JBL L100 Classic
The L100 Classic may seem familiar to some, after all it’s the new edition of JBL’s most famous loudspeaker by far. The model, the L100, first appeared on the market in 1970 as a consumer version of the studio loudspeaker JBL 4310, quickly became a true hi-fi icon and can also be seen in Steven Steigman’s famous advertising photo for Hitachi Maxell (“Blown-away man”) from 1978.
Although the L100 Classic is basically based on the concept of its famous predecessor, all elements have of course been updated to the latest state of the art in order to adapt the sound characteristics to today’s standards. A newly developed 25 mm dome tweeter made of titanium is responsible for the high-frequency spectrum, which is slightly set back into the cabinet and surrounded by a flat waveguide. Just below is the 130 mm pure cellulose midrange driver, stabilized by a cast frame. The cream-white 300 mm woofer is constructed according to the same principle.
To support the low-frequency range, the L100 Classic also has a bass reflex channel at the front. The panel above with the two potentiometers allows fine adjustment of the mid and high frequencies. This is to be taken literally. Changes can probably be heard, but the tone control is rather subtle and the basic character of the loudspeaker is retained at all times.
A few more remarks about the case: Here, excellent work has been done, the entire construction looks solid and the beautiful walnut veneer looks great. The black front transports the typical 70s look into the 21st century and can be covered with the stylish cover, which is available in orange (!), blue or black. It remains to be seen whether the matching stands will allow an acoustically perfect installation in any situation, but they fit perfectly into the overall picture.
The JBL 4306 is the perfect choice if you want to be one number smaller and do not need to remember the classic L100. Like its much bigger brother, the JBL 4367, it is equipped with a tweeter/midrange horn. A 25 mm compression driver works in the centre of the horn, which – hence the name – is larger than the opening of the horn and thus achieves a high degree of efficiency and the typical horn loudspeaker sound due to the strong air compression. A 200 mm driver is used to reproduce the depth spectrum, which, like the L100 Classic, is made of cellulose. The two bass reflex channels on the front provide an additional foundation, and there is also a controller for reducing or increasing the high frequencies. The JBL 4306 has also been given a real walnut veneer, and the supplied covering is much more discreet than that of the L100 Classic.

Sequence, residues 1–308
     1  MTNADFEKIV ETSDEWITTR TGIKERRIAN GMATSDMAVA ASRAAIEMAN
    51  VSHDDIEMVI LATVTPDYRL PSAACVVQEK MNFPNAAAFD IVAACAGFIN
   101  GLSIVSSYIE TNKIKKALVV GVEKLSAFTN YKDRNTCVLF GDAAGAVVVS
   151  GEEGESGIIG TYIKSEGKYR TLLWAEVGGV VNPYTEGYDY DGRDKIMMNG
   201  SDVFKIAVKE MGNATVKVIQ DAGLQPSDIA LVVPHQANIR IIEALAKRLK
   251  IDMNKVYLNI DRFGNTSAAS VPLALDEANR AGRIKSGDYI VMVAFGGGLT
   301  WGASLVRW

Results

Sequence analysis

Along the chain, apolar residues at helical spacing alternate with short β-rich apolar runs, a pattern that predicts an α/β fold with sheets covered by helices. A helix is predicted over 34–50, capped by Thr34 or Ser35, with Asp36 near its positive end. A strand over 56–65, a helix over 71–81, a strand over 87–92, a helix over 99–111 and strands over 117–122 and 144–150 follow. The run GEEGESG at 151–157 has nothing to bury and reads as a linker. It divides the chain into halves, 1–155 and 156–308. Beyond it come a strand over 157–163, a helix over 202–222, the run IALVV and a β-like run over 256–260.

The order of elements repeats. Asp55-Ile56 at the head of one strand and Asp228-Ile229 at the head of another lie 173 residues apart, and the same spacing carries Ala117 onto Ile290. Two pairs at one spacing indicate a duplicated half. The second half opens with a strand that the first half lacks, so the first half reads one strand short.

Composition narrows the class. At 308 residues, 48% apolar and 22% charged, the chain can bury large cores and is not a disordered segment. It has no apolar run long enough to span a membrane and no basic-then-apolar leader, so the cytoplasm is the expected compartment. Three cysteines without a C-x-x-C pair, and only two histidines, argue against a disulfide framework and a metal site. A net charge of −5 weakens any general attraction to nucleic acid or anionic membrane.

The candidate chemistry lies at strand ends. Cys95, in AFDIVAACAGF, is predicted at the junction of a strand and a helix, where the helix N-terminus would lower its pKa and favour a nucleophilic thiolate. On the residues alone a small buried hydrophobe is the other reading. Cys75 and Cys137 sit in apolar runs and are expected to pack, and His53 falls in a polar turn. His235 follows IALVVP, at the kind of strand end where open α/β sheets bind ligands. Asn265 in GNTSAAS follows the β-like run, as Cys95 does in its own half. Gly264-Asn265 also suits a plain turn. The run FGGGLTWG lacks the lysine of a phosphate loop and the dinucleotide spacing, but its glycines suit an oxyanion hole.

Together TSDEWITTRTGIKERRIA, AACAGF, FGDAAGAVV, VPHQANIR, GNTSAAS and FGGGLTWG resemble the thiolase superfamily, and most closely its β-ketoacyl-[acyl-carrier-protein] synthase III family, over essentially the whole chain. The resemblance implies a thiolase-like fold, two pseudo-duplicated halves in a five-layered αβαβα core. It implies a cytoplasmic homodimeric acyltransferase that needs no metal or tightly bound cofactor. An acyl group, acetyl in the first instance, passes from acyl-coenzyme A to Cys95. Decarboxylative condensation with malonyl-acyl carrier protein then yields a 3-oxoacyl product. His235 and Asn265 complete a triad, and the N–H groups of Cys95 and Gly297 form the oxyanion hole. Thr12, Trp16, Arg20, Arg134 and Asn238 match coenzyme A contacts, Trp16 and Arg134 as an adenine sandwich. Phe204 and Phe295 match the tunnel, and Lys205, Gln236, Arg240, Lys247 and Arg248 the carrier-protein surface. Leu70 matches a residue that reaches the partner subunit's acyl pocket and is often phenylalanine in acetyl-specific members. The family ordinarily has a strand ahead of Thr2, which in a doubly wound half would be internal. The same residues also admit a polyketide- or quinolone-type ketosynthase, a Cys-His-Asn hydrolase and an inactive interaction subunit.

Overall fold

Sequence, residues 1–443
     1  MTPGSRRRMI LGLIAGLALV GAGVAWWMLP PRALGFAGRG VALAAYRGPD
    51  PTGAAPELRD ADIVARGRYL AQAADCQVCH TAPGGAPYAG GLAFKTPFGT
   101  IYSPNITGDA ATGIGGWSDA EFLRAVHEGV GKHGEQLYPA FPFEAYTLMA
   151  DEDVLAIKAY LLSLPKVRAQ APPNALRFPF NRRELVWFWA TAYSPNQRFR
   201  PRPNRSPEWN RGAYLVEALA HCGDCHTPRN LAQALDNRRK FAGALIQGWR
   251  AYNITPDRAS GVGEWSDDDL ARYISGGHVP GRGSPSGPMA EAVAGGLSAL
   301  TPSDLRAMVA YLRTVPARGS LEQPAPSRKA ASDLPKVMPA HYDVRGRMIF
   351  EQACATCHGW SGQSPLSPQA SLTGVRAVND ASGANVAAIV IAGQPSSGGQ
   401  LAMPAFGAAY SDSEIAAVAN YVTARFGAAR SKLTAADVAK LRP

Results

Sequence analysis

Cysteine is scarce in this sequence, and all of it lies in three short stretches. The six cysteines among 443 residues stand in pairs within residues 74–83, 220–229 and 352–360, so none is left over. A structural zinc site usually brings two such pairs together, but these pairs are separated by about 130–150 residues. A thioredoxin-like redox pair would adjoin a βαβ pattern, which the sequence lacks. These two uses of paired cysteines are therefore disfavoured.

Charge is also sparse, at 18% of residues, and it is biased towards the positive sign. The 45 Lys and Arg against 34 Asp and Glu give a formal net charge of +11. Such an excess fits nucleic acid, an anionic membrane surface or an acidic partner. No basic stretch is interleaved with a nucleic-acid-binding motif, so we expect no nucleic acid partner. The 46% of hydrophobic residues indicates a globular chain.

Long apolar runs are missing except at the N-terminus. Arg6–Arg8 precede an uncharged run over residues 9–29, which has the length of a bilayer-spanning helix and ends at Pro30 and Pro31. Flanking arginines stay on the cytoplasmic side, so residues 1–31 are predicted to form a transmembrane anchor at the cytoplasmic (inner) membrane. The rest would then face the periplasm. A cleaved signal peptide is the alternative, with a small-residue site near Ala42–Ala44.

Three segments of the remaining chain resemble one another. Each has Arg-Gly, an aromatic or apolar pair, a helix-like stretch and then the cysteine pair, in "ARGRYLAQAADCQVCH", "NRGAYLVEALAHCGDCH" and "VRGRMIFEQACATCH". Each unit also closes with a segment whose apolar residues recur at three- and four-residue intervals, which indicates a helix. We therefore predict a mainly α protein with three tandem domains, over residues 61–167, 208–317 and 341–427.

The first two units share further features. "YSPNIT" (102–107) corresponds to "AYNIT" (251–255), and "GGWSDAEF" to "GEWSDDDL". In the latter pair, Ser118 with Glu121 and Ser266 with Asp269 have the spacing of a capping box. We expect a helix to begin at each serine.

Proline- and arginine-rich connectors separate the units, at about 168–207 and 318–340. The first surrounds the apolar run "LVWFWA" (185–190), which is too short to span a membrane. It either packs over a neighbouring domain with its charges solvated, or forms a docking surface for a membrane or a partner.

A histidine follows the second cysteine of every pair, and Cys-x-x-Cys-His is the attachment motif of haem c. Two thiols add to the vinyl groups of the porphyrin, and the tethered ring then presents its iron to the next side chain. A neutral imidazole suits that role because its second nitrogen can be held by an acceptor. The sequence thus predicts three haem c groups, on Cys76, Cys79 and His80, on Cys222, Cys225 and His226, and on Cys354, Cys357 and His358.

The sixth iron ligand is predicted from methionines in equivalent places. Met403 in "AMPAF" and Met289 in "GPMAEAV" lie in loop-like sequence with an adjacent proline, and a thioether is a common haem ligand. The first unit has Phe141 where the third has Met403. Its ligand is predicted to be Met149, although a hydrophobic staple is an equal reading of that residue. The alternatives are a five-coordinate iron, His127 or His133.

First impressions and the preliminary conclusion
If you take a seat in front of the JBL L100 Classic, you inevitably have a certain time machine effect. This loudspeaker radiates a special aura and proves once again that the optics play more than just a minor role in audiophile environments. When brought to the system, an open, clearly staggered and relaxed sound unfolds with good resolution and powerful bass. The reproduction is both focused and open at the same time, dynamics take precedence over merciless detail drawing, yet nothing is glossed over here – weaknesses in production are bluntly passed on by the L100 Classic.
The JBL 4306 is basically similar in design and the skilfully crafted horn driver ensures that there are hardly any losses, even a good deal away from the sweet spot. Here, too, we are dealing with a wonderful musical loudspeaker that has already found some enthusiastic listeners since its arrival in our demonstration studios. All in all, the JBL L100 Classic and the JBL 4306 are a real enrichment for our program and we really like them!